If you withdraw funds for anything but medical expenses, and you’re under age 65, you must pay a 20% penalty.

Past age 65, you can use the money for anything without incurring a financial penalty. Unlike any of the retirement accounts covered above, you never have to take distributions from your HSA.

Not everyone has the eligibility to an HSA, however. You can only open an HSA if:

  1. you are currently enrolled in a High Deductible Health Insurance Plan (HDHP),
  2. don’t receive Medicare coverage,
  3. aren’t able to be covered under any disqualifying health coverage, and
  4. aren’t claimed as a dependent on anyone’s tax return.

9. Flexible Spending Account (FSA)

  • Max Contribution (2022): $2,850 for individual; $5,000 total for a married couple
  • Withdrawal Rules (2022): Money withdrawn for non-qualifying medical services faces no IRS penalty, but may from employer
  • Mandatory Withdrawals (2022): None, operates as “use it or lose it”

Flexible spending accounts (FSAs) are only offered through employers- you can’t open one on your own. These are sometimes referred to as flex spending arrangements.

FSAs allow you to contribute a portion of your income toward paying for qualifying expenses, such as health care or dependent care. This money comes from your paycheck pre-tax, so you save the percentage you would have paid on that money in federal taxes.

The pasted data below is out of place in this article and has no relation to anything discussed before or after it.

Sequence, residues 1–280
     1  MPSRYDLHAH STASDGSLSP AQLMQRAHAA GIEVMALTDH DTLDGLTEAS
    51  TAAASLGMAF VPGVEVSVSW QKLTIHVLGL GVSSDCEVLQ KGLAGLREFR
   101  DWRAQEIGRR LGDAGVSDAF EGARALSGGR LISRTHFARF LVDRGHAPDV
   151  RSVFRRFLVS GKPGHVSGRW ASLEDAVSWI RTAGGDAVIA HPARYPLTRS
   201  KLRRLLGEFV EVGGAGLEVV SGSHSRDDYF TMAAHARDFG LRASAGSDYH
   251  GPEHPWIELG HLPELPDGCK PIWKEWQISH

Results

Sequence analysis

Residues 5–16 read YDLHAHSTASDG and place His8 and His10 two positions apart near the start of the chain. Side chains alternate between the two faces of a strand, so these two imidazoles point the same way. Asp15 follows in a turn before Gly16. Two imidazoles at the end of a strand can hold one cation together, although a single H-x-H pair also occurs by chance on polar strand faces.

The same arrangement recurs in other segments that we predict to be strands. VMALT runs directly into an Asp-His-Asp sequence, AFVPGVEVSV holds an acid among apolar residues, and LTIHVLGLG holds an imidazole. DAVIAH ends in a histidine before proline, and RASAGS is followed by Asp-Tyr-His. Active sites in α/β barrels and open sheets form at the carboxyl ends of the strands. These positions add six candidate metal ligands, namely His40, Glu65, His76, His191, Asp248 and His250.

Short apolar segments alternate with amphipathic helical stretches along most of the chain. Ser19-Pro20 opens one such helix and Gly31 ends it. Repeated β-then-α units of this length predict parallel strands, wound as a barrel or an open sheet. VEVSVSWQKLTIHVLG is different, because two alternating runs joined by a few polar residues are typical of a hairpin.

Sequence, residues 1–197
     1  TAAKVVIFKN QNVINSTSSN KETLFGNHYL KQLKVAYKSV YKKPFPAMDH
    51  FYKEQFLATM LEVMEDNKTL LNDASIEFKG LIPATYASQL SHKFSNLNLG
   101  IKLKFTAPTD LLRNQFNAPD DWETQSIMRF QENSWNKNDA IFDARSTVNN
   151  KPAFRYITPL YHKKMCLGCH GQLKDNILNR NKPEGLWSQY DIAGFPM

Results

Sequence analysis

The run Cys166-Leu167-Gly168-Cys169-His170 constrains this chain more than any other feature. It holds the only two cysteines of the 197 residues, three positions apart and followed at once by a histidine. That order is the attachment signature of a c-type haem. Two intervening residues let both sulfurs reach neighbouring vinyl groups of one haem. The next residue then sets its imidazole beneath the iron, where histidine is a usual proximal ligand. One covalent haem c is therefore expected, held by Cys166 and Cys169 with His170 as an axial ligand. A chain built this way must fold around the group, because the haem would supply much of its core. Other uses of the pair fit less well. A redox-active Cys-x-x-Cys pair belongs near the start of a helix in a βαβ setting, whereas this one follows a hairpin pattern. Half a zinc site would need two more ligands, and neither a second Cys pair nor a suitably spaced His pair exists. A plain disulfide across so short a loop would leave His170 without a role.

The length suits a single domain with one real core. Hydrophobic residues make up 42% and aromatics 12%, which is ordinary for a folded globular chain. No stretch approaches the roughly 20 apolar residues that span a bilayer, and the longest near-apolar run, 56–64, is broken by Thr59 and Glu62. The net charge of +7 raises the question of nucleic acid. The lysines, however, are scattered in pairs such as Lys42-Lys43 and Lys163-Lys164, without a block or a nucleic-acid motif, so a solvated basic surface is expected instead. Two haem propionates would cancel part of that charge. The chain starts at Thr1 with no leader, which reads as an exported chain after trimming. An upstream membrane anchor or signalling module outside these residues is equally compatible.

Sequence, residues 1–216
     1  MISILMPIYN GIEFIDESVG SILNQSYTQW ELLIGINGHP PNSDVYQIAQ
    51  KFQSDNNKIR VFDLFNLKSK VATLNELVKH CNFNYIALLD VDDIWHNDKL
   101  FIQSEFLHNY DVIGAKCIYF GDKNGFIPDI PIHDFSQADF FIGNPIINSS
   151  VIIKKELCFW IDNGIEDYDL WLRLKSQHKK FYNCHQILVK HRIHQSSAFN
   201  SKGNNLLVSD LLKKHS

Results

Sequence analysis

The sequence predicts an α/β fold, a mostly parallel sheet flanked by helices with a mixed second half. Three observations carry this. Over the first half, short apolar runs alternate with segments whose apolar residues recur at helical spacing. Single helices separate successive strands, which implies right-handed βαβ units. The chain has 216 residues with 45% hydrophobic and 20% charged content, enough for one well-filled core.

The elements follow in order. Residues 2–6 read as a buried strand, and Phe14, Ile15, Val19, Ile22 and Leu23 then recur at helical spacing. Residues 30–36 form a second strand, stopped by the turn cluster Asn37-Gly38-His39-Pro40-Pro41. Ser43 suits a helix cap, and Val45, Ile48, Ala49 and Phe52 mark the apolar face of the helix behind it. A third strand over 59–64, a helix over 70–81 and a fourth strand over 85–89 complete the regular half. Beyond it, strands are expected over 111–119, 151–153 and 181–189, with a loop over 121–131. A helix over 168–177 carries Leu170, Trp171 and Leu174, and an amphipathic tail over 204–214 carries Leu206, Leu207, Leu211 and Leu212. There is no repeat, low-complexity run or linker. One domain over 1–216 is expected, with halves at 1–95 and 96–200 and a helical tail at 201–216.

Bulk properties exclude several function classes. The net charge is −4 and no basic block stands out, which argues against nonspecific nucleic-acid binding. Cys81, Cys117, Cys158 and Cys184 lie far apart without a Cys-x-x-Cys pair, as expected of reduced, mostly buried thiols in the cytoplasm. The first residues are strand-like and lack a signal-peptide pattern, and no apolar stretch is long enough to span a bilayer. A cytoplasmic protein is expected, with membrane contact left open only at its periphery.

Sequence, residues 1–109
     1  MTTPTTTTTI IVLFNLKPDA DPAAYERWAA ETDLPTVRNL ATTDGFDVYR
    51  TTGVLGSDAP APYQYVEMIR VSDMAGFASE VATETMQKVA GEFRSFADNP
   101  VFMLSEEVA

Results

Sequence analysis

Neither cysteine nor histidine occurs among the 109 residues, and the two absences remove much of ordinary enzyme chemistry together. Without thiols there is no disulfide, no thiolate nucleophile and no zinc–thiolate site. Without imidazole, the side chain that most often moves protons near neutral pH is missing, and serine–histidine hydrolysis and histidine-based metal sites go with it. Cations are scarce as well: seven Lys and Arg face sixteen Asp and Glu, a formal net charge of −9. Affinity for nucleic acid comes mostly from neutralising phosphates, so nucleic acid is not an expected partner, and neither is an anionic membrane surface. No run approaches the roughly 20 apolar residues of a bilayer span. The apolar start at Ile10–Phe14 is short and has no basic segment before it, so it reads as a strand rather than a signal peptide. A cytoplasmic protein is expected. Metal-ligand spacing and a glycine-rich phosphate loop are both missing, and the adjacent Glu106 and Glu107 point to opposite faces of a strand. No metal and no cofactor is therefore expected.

Money in a FSA must be used by the end of the year, but some employers grant a grace period into the following year for unused balances.

Educational Accounts

529 plan

Receiving a high-quality education can make an enormous difference in a person’s life, but it can also cost a significant amount of money. What to do with that debt after graduation often befuddles young adults intent on making the decision to invest or pay off student loans.

Given that high cost for attending a quality school, it will come as little surprise that college tuition continues to rise across the country. Many parents will continue to spend substantial amounts to send their children to college.

As a result of this continuing trend, any adult who has children may want to get ahead of the curve by beginning to save now.  Fortunately, the federal government offers some education-focused investment account types to set aside money now for expenses parents will pay later.

10. 529 Savings Account

  • Max Contribution (2022): $16,000 per individual per year ($32,000 per couple per year); $80,000 to cover five years ($160,000 per couple for a five year period)
  • Withdrawal Rules (2022): Money withdrawn for non-qualifying educational expenses face income tax and 10% penalty
  • Mandatory Withdrawals (2022): None

A 529 savings plan is used to pay for education expenses with tax-advantaged dollars. My wife and I each have one set up for each of our sons, allowing both ourselves and each other’s parents to contribute to these educational savings accounts.